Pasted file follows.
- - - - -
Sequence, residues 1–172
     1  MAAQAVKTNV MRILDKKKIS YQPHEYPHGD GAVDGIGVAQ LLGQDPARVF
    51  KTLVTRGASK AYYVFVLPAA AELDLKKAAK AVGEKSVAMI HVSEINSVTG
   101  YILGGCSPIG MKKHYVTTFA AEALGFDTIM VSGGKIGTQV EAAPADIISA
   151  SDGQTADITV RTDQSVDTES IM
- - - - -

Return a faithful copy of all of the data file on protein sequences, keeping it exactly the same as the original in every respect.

Sequence, residues 1–172
     1  MAAQAVKTNV MRILDKKKIS YQPHEYPHGD GAVDGIGVAQ LLGQDPARVF
    51  KTLVTRGASK AYYVFVLPAA AELDLKKAAK AVGEKSVAMI HVSEINSVTG
   101  YILGGCSPIG MKKHYVTTFA AEALGFDTIM VSGGKIGTQV EAAPADIISA
   151  SDGQTADITV RTDQSVDTES IM